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"The End of Star Wars, But Not Its Fans"

Thanks to all of you for your incredibly kind support about my NPR interview today on the "Talk of the Nation" program about the Star Wars phenomenon and the nature of fandom. I'm not particularly good about thinking on my feet -- dammit, Jim, I'm a writer, not an orator! -- but, for what it's worth, it's now available online as streaming audio HERE. The interview came right after my first viewing of Revenge of the Sith... wow.


Warning! My quote for the day includes mild spoilers:

When Obi-Wan moved to follow, Yoda's gimer stick barred his way. "A moment, Master Kenobi. In your solitude on Tatooine, training I have for you. I and my new Master."

Obi-Wan blinked. "Your new Master?"

"Yes." Yoda smiled up at him. "And your old one..."


from the novel Star Wars: Revenge of the Sith by Matthew Stowe

Comments

magicwondershow
May. 20th, 2005 10:33 pm (UTC)
1. the leaky cauldron also linked this same interview, so YAY! you've been pimped on TLC. (/complete dorkiness)

2. I really thought you did as good of a job as any could have in the position you were put. while it wasn't as long or in-depth as i'm sure the discussion could be (and i'd love to have or be part of that conversation sometime - i lost track of the number of times i had to defend the HP fandom in my grad level cultural deviance class at ND), i think you did an excellent job given the limited time span and questionings.

3. i loved the tailgating references, as well as the connection to nostalgia and connection to like-minded people and philosophies. i think that's a discussion that doesn't get touched on enough, in my mind. while it may seem completely normal for grown men to become fixated on a sports team and follow them almost religiously, it still seems (at least in my experience) taboo or silly or even immature to become as connected with the HP world and others within it. i think you explained it perfectly, and i almost wish that could reach a wider audience. it's such an important point, and one that gets lost in the negative views of the special effects and costuming and the social mores about the pageantry of science-fiction fandom.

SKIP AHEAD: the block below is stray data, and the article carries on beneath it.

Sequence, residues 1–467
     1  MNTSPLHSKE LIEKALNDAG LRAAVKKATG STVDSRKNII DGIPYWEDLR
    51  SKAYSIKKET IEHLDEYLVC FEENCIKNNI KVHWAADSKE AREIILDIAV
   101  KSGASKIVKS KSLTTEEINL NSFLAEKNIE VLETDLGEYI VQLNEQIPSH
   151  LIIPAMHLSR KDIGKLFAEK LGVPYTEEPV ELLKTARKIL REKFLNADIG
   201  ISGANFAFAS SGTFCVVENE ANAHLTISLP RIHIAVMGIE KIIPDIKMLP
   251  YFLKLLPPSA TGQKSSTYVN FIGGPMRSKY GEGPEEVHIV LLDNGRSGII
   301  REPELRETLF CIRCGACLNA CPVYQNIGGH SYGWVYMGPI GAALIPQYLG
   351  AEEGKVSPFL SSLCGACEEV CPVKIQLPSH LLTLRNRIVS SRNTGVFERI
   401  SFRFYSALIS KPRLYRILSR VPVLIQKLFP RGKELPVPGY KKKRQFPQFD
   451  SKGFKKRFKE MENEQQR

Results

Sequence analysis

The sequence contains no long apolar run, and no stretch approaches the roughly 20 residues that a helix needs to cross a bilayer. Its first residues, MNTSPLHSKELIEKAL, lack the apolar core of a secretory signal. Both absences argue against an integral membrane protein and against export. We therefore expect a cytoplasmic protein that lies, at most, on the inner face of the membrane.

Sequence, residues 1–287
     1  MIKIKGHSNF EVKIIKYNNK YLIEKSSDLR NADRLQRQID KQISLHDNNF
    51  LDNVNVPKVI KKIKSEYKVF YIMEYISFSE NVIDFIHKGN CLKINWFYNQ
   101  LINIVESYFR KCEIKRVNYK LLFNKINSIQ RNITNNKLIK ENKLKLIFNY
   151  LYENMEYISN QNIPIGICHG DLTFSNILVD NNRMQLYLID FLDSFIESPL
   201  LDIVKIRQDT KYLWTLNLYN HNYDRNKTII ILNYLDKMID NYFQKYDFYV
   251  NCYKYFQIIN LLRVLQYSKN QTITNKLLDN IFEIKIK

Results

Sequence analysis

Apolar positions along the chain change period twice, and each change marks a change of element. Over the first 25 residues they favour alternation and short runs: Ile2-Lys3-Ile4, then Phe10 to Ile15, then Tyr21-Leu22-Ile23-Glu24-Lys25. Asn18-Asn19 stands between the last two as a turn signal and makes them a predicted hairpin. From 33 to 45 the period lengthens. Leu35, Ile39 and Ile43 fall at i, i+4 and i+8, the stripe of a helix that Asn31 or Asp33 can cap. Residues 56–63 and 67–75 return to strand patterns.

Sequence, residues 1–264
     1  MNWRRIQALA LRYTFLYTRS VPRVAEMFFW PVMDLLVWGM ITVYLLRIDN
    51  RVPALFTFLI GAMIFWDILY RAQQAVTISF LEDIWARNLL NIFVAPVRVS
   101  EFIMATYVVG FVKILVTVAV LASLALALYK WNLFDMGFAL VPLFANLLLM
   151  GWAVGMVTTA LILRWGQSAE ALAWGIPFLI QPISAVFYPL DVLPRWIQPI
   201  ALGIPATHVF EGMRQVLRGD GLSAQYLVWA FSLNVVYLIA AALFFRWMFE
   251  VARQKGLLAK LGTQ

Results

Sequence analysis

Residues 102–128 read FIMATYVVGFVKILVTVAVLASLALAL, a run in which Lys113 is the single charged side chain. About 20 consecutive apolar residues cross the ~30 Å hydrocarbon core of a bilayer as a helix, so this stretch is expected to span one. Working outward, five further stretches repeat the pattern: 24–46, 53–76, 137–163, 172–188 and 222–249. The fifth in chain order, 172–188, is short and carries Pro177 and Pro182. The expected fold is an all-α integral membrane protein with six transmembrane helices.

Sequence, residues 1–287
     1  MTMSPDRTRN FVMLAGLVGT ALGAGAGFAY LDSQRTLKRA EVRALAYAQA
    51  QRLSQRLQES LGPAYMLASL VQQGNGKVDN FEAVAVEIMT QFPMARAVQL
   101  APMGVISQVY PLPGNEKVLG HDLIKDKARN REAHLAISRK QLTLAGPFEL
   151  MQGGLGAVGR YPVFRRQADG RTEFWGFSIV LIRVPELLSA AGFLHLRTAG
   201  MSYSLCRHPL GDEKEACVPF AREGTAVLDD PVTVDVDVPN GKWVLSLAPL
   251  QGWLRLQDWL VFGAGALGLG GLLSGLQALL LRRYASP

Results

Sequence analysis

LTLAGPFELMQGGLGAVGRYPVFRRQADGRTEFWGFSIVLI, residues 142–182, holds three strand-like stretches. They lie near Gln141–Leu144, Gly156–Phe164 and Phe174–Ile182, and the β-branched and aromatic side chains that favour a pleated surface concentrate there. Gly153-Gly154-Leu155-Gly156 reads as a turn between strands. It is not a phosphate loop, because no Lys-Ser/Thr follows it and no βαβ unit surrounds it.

eldritchhobbit
May. 21st, 2005 02:13 am (UTC)
Oh, thank you for your lovely post! I really appreciate your kindness and the heads-up re: TLC!

>While it may seem completely normal for grown men to become fixated on a sports team and follow them almost religiously, it still seems (at least in my experience) taboo or silly or even immature to become as connected with the HP world and others within it.

I couldn't agree more! It seems very arbitrary, what kinds of fannish activities are sanctioned by our culture today and which seem to be taboo. Entire sitcom episodes are built around the humorous toleration of and even loving tribute to those who go to great lengths to follow a team or even a musician, but the same shows portray someone who attends a science fiction convention for only five-minute glimpses, as the butt of rather insensitive jokes. Its fascinating to contrast the different receptions of those who are a part of, say, the Harley Davidson subculture, Elvis fandom, and Jane Austen enthusiast groups -- especially when it seems to me that all of these things spring from a rather similar foundation. At any rate, I'm so grateful to know you recognize similar issues bound up in all of this. I'd love to talk with you more about them!

And thanks again for your kind post! :)
magicwondershow
May. 21st, 2005 02:35 am (UTC)
exactly! it's as if there's some social judgment stick out there that decides these particular fandoms are desirable and worthy and important to our world, while others are defamed and labeled because they don't seem to uphold desired characteristics. it's so frustrating. i remember being in grad school being insulted by classmates because i read JK rowling and could disseminate on the social consequences of the books on american culture, but i didn't get season tickets for the fighting irish football season. what made watching a bunch of grown men beating themselves over a small ball so much more mature, dignified, and desirable than reading a novel that brought myself and my siblings closer together?

grr.

and you're very welcome for the kind post and the linkage in my LJ. like i said earlier - i love discussing these topics and i think more intellectual conversations about a fandom near and dear to us all needs to take place. one post at a time ;)